Deadline for reassessment corrections moved to April

Deadline for reassessment corrections moved to April
The Nassau County Executive and Legislative Building as seen in Garden City. (Photo by Noah Manskar)

Nassau County Executive Laura Curran announced on Thursday evening that the Assessment Review Commission approved extending the assessment correction deadline to April 30.

The day prior, the Republican majority of the Legislature held a press conference where they disclosed that they had filed a resolution directing the Assessment Review Commission to extend the deadline due to the rollout of Curran’s reassessment plan being “fraught with so many errors and misrepresentations that it has caused mass confusion among Nassau residents.”

Previously, Nassau County property owners had until March 1 to file an Application for Correction of Assessment. They now have an additional 60 days.

Curran said in a news release that she seconded the postponement in order “to continue our efforts to provide property owners with the time and resources they need to fully understand the reassessment process and its results.”

On the same day of the GOP’s proposal, Curran and Nassau County Assessor David Moog announced the completion of the tentative assessment roll.

Curran has previously expressed her belief that Republicans in the Legislature are impeding the assessment process with claims of assessment inaccuracies.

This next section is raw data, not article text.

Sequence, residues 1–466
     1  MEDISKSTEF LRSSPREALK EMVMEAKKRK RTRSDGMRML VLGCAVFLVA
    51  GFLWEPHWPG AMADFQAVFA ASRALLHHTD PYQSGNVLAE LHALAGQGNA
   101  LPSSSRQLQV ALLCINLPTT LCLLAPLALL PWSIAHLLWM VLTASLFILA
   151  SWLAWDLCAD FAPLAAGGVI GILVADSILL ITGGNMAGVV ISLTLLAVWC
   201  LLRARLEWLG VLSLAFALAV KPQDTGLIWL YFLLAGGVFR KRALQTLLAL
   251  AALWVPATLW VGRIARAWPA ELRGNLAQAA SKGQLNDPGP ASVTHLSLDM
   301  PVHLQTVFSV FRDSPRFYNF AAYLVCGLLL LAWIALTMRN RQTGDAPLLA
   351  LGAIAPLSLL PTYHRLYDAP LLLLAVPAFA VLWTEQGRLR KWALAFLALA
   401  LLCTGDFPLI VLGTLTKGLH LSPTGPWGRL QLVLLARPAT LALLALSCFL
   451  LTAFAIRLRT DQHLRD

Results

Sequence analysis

At a press conference in early December, Curran asked that Republicans stop perpetuating a fiction over market values being wrong, citing that the newly assessed values have been confirmed by real estate brokers and Zillow, an online real estate listings site.

Presiding Officer Richard Nicolello (R-New Hyde Park) responded in a past interview with Blank Slate Media that the complaints were not coming from the Republicans, but from the residents, which he said Curran would be aware of if she had held more forums.

He added that he is approached with concerns over the inaccuracies of the assessment all the time, even when shopping at the grocery store.

He said the most common complaint he hears from homeowners is that if their house is worth what it is valued as, “I will sell it tomorrow.”

He echoed a similar sentiment in a press release regarding the extension.

“We have seen an overwhelming outpouring of the frustration, confusion, and anger from residents over the changes to the assessment,” he said. “We believe that fairness dictates extending the deadline, so homeowners can consider all options moving forward.”

Robin Laveman, chairwoman of the Assessment Review Commission, said that property owners can complete the process of challenging their assessment in just a few minutes.

She said taxpayers can find a five-minute instructional video on their website and the Assessment Review Commission will be “holding a joint meeting with County Legislators and the Department of Assessment to address residents’ concerns and answer questions.”

There is no fee to file an application for a correction. The application can be completed online or obtained from the Assessment Review Commission’s office at 240 Old Country Road in Mineola.

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